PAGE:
What Is Pay Per Click Marketing?
Defining pay per click marketing is as simple as looking into advertising. Advertising requires you to pay a fee for promotional consideration. The only difference here, is that one is driven by engagement, while the other is a flat rate solution. In today’s digital marketing world, you’ll have to deal with PPC (pay per click) solutions often. If you choose to avoid this, you will be missing out on a large chunk of the global reach that your website can have. If you have never looked at this, or perhaps you just want clarification as to how it works, and what you can do with this, consider the following simplified break down.
PPC Vs. Traditional Means
For those wondering what is pay per click marketing, it’s simply a digital medium of advertising that doesn’t cost you anything, unless someone clicks on your advertisement. Traditional means would require you to pay a lump sum, and the advertising company would deliver the ad to a specific location. Consider it like purchasing a full page spread in a newspaper. You are advertising an event, a business, or any number of things, and you must pay for that.
Whether anyone goes to your event or not, you are going to have to pay the newspaper’s advertising rates up front, regardless of engagement. That’s the opposite of what pay per click marketing does. In this arena, you only pay for engagement, and in the marketing cycle that comes with this, you must consider a few moving pieces to help you connect with the audience that you want.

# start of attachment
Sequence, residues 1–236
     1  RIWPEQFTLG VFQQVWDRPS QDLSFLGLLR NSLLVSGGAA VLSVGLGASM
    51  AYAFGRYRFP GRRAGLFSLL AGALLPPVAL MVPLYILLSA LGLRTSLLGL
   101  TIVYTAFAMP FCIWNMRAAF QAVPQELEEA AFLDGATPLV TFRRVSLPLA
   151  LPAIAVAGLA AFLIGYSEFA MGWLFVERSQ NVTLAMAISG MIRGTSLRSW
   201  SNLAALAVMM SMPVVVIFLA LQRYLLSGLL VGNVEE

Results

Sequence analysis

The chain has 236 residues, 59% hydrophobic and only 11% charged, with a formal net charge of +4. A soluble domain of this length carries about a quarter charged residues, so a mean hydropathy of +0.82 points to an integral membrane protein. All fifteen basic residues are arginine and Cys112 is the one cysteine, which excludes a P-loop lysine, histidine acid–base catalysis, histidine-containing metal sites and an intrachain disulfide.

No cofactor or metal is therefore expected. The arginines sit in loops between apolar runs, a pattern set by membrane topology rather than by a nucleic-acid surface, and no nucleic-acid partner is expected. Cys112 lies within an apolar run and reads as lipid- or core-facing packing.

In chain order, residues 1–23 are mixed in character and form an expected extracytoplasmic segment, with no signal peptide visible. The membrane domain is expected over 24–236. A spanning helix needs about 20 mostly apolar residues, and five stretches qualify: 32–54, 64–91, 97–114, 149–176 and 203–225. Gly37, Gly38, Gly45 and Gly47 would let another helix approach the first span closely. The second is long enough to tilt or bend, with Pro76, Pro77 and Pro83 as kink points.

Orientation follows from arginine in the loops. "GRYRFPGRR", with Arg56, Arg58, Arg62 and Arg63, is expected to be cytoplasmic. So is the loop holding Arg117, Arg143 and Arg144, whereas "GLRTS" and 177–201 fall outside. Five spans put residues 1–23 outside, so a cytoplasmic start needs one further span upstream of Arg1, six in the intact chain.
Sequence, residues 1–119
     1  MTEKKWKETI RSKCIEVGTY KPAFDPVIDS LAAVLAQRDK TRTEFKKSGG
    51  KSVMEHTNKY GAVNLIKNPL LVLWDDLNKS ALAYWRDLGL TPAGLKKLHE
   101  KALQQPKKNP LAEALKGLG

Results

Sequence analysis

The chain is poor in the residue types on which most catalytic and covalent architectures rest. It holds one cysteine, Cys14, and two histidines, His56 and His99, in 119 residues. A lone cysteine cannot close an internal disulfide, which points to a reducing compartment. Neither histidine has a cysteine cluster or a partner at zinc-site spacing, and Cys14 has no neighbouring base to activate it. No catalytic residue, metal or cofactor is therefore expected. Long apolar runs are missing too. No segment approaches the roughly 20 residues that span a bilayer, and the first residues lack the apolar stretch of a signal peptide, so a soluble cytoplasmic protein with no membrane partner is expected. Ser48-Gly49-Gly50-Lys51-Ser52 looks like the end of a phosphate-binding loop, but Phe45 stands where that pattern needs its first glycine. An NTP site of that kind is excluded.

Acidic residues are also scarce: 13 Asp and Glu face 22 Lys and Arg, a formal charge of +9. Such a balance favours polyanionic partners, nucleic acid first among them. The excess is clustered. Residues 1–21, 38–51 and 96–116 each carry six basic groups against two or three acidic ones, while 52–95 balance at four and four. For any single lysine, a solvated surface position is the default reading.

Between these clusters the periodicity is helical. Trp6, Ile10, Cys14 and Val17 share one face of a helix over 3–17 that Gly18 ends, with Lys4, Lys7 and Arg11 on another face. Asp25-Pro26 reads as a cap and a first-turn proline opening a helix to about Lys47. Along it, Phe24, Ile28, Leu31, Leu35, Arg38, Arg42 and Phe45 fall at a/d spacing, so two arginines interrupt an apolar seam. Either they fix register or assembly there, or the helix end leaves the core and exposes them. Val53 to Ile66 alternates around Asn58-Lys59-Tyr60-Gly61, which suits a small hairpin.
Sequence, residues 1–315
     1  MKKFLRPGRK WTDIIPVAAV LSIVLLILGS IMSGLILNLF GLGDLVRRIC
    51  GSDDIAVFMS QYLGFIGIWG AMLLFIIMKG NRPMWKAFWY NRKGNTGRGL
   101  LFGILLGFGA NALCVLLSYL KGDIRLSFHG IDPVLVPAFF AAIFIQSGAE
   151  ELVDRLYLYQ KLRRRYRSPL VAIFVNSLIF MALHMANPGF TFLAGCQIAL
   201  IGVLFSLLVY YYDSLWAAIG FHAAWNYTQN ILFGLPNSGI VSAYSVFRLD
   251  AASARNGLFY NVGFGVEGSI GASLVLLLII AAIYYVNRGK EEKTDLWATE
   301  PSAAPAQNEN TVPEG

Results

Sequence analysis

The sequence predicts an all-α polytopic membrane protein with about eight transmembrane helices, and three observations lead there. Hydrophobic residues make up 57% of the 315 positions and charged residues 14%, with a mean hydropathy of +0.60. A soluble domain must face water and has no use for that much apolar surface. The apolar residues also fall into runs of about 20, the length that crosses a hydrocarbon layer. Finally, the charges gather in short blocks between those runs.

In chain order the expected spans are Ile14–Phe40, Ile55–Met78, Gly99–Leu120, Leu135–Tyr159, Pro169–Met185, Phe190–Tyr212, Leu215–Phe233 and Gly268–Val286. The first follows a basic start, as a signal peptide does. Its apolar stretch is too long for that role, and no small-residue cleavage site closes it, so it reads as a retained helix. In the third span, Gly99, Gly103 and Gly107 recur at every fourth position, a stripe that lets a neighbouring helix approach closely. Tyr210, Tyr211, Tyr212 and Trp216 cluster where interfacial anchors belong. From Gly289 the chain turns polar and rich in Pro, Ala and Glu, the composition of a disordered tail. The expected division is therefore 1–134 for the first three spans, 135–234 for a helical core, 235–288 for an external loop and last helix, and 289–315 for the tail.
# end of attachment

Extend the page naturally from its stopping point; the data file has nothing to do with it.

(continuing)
The Structure of PPC
To fully understand the marketing branch of this, you’ll need to consider how the ads are delivered. Whenever you’re setting up a campaign in this arena, you are going to need to look for keywords. The keywords that you select will determine the price of your engagement cycle. For instance, let’s assume you were selling specific types of shoes. You would look for words that people search for to find shoes that you’re selling. Once you have your keywords selected, you will decide what price you will pay for 1 click. That will determine your budget overall. Let’s say the going rate is $1 per 1 click, you would have to set a budget of at least $10 a day to get 10 clicks to your site.
Now, if you pay the price, and no ads are clicked, you don’t pay. You also only get your ad served if you pay equal or higher to the going rate for that keyword. Since these ads are served via auction cycles, you have to determine what your minimum and maximum bid per keyword phrase will be. In this example, if the going rate is $1 minimum, you must meet that to be displayed. If someone bids $2, you may have to come up with your minimum bid, and outbid them to get ahead.
The marketing element here combines keyword research, auction style bidding, and payment on delivery structure. Again, you don’t pay anything if no one clicks on your ads, which is what separates this option from traditional means of advertising.